Press reports indicate that the National Union of Journalists’ rescue plan includes compulsory redundancies affecting 20% of its present staff. The same reports say that some factions within the NUJ are unhappy because of what they perceive as lack of consultation.
It must be noted that the NUJ is facing insolvency if it does not tackle what has been qualified as ‘a severe financial crisis’. If no viable solution is found, we could be talking about the end of the National Union of Journalists.
It must also be noted that according to media sources the loss of 9 staff would mean savings for the amount of 400,000 pounds, about 44,445 pound per head. In the big scheme of things, the National Union of Journalists is basically irrelevant and now they cannot even protect the interests of its members with regards to the actions of the organization itself.
Other measures of a package of measures aimed at saving the organization include: ending annual conferences, abolishing the training department and limiting salaries of its staff.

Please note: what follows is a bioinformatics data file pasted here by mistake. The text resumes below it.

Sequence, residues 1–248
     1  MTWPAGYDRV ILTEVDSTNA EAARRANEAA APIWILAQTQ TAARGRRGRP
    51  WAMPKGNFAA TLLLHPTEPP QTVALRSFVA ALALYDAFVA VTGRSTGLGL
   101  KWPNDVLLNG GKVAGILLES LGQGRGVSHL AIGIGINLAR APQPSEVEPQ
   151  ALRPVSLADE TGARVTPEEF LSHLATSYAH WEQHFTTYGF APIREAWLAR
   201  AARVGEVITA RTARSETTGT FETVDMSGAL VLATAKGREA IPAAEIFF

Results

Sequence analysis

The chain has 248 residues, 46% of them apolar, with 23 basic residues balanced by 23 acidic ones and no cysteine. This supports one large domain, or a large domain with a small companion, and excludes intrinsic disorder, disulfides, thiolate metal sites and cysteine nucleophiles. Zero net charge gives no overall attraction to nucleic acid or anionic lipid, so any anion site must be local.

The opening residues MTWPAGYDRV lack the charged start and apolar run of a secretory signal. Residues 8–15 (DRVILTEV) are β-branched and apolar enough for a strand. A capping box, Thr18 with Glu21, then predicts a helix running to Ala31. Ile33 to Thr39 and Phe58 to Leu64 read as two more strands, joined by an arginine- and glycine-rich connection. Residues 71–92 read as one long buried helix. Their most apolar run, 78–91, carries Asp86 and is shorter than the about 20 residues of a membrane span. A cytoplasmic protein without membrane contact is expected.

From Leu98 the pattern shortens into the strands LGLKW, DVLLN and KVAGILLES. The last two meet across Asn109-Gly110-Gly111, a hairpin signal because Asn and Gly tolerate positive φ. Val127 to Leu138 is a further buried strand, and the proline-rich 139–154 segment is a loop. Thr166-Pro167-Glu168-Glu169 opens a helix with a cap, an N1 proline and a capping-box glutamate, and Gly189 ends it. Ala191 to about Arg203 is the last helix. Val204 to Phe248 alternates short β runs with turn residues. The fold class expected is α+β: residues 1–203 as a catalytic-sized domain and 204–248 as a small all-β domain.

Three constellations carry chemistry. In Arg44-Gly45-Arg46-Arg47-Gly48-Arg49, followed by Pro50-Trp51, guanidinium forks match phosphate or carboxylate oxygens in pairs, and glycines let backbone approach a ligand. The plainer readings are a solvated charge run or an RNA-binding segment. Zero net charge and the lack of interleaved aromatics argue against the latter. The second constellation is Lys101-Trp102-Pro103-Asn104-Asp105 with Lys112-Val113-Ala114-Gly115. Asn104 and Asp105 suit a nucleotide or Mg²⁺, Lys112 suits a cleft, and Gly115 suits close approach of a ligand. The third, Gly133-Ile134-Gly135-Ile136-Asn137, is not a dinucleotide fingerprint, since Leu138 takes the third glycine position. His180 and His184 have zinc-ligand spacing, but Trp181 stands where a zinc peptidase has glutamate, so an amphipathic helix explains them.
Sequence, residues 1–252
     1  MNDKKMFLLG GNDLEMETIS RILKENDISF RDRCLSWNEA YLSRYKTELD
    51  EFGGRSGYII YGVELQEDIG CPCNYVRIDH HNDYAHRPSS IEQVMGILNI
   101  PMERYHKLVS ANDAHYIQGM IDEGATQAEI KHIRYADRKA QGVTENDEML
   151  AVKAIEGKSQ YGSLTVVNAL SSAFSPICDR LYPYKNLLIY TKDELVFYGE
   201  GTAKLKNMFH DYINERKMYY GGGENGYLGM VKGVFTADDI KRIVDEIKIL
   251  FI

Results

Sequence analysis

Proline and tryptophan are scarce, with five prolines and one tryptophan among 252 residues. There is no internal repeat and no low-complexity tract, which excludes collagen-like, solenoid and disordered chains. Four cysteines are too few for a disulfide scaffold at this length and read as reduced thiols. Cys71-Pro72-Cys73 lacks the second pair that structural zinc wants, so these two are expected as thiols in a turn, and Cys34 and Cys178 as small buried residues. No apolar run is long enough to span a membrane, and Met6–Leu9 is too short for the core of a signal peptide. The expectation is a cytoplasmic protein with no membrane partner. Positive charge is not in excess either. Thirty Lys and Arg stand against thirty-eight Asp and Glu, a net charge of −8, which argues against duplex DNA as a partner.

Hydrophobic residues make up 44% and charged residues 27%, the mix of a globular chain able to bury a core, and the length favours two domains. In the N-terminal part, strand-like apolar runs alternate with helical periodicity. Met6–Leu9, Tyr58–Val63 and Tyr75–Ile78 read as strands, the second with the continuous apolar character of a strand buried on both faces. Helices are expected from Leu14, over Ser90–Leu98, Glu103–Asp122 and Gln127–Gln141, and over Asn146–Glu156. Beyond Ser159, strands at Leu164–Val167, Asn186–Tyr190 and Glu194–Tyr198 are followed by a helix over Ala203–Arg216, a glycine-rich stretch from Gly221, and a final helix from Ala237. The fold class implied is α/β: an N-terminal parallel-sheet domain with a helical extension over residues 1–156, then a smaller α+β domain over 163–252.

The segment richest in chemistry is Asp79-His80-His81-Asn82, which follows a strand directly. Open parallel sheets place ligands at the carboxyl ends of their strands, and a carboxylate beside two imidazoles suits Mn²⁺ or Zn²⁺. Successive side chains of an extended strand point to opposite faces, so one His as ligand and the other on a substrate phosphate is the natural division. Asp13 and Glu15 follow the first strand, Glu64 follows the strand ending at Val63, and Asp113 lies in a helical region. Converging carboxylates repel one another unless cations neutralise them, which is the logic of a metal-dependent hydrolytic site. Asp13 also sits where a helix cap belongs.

Some years ago, while working for British Satellite News on a contract with the Foreign and Commonwealth Office, I had some experience regarding what the National Union of Journalists could achieve when trying to protect its members. Employees affiliated to the NUJ only received the amounts stipulated by employment laws of the day and not a penny more and it happened under a Labour administration.
It feels like the amounts paid to the NUJ as membership fees are a bit like the PPI (Payment Protection Insurance) charged by lending institutions. They make people believe that they have some kind of extra protection when in fact employees who are not affiliated to the trade union will receive exactly the same compensation amounts as those who pay their trade union membership fees.
On top of that, given the political agenda of the National Union of Journalists, the extremely biased messages of the NUJ do not favour its popularity. Professionals are therefore paying to then be told what to do or what not to do. Given present trends affecting employment levels, journalists – affiliated and not affiliated – are losing their jobs across the country.
Some months ago, trade union membership in general was about 15% in the private sector and 57% in the public sector. We don’t have the figures in terms of the NUJ but we suspect that membership levels are not going up and this is very much the source of the present financial troubles of the National Union of Journalists.